And the result of that is seen more clearly by Mussolini’s Il Popolo d’Italia than by Mr. Hoover. That mouthpiece of the Duce says:

A defeat of Russia would produce a definite defeat of the United States as well as Great Britain.

It would, indeed. And it is for that reason, and not because of any new tenderness for Mr. Browder and communism, that we do not wish to see Hitler in Moscow. That Hitler is trying to get there is a political defeat for Mr. Browder, the Comintern and Stalin, and a political justification of the view of Churchill and Roosevelt.

Whatever aid we give to the Soviet Union will be predicated on our own interests. But it is to be hoped that it will be accompanied by a vigorous diplomatic offensive. This country is still for the freedom and independence of Finland, Poland and the Baltic States. It will never, we trust, support gains won by Russia in cahoots with the Nazis.

Hitler has no business in Russia and Russia has no business beyond the bounds of her own territory.

Whatever comes out of this war, the nations of Europe must be free; the nations of Europe must, in some way, federate; and there must be some permanent settlement for peace and collaboration between continental Europe, Russia, the British Commonwealth-Empire and the Americas.

Only this way can there be even ten years of peace, and the foundations laid for international prosperity.

Why the United States does not take an offensive in the realm of ideas is beyond me. The coat of one battleship would finance a gargantuan propaganda campaign for the conduct of which this country has more brains, prestige, and facilities than any other. The German-Russian war has created a political vacuum, into which the President of the United States should spring. Such a campaign should not be 'ideological" – it should be addressed to the reason, realism, common sense, and heartbroken yearnings of the people of the whole world. This country should undertake a peace offensive – not for a “negotiated” peace, but for that ordering of affairs that alone can mean peace.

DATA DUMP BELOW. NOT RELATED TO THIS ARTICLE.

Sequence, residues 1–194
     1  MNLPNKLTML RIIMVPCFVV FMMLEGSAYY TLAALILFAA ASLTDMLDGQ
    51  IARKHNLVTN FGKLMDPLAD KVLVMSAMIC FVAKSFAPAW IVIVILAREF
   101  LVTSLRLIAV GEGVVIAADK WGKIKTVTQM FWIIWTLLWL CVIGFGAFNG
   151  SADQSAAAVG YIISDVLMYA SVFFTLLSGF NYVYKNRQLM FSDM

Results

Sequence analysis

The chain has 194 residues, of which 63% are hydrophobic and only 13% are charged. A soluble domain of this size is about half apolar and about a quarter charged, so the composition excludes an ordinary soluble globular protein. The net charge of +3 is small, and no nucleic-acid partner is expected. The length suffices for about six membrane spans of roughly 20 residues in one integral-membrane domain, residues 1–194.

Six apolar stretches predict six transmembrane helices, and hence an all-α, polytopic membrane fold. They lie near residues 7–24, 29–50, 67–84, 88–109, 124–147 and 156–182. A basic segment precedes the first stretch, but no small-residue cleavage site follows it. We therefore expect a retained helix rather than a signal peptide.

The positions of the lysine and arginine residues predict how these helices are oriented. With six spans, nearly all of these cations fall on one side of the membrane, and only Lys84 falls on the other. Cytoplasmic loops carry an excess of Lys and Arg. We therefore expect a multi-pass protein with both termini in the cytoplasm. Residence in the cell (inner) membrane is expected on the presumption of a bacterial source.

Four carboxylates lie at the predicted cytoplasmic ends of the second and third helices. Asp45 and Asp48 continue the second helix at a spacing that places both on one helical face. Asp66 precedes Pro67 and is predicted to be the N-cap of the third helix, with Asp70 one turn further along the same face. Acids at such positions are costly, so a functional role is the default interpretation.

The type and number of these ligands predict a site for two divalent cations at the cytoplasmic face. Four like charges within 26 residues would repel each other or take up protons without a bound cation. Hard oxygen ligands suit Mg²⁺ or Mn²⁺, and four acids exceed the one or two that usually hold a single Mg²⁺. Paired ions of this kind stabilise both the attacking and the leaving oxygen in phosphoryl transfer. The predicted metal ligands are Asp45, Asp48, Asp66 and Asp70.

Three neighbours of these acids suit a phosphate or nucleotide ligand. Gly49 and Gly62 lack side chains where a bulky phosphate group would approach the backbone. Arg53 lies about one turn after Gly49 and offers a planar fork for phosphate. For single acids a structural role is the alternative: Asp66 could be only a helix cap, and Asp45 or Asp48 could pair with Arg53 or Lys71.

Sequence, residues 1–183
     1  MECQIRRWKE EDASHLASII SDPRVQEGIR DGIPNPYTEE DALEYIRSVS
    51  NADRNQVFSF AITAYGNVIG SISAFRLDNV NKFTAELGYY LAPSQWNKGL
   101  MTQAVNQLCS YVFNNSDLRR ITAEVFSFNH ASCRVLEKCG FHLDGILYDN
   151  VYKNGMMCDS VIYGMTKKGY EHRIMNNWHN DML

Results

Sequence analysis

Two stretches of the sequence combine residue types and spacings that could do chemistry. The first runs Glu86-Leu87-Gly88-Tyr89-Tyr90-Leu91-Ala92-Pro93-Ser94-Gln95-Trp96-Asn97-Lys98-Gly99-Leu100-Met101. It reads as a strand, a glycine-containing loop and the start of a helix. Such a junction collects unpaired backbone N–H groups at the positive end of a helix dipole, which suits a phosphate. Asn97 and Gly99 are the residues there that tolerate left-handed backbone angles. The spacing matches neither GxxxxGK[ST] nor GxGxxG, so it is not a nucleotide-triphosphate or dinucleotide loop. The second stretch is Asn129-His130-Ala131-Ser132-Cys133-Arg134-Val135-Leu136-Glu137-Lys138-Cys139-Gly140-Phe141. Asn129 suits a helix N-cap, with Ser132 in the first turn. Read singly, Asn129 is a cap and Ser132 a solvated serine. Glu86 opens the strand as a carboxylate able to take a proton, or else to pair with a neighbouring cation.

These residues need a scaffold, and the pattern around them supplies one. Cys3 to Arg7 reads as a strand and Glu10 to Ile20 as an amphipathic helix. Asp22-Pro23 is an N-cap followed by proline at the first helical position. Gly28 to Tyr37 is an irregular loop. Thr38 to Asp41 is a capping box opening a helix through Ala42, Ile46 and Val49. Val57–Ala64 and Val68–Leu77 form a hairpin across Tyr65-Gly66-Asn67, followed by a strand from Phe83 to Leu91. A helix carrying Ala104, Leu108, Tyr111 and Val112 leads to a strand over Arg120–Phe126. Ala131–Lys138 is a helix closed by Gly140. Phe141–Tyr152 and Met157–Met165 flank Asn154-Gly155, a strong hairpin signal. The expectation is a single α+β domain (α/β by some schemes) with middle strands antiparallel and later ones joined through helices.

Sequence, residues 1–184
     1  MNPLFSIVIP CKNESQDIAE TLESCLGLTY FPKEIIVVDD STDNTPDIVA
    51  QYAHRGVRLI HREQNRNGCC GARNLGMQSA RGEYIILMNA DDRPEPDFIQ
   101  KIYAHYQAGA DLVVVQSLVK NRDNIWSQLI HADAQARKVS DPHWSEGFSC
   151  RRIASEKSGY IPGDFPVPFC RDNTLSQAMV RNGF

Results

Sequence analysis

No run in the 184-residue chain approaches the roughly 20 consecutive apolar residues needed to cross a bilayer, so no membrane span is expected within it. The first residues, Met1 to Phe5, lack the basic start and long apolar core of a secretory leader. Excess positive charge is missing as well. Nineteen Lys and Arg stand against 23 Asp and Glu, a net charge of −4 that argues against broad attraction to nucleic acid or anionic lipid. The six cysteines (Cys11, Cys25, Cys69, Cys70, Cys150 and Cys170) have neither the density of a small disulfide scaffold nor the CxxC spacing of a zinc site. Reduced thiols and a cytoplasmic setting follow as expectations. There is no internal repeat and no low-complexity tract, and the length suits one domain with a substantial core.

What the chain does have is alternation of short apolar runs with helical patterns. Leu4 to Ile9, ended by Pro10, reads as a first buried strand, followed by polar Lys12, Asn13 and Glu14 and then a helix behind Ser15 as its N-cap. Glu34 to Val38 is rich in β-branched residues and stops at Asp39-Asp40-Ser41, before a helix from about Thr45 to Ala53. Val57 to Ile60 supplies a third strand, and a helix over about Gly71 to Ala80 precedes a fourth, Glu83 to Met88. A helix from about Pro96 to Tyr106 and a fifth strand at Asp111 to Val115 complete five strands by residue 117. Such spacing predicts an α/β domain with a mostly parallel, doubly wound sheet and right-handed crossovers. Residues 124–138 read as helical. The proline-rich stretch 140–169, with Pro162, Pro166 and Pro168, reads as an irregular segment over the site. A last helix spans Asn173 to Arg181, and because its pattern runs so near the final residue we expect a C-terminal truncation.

$10 million to present the broad outlines of an American peace to the world – not by secret negotiations, but openly on the air waves of the planet, in all languages and 24 hours a day – could be a more powerful weapon than planes and bombs, and positively should accompany our armament.

Precisely because the “ideologies” have all proven themselves to be unmitigated buncombe, the voice of reason – reason combined with power – has an audience.

If one considers the international political situation apart from the military, there is more reason for optimism today than there has been since the war began.

If we lose this war to chaos or if it drags out for years, it will only be because of refusal to use the God-sent moments of history.

The revolution of the 20th century will be the triumph of realism and civilization and only Britain and America can make it. We should set about the task immediately.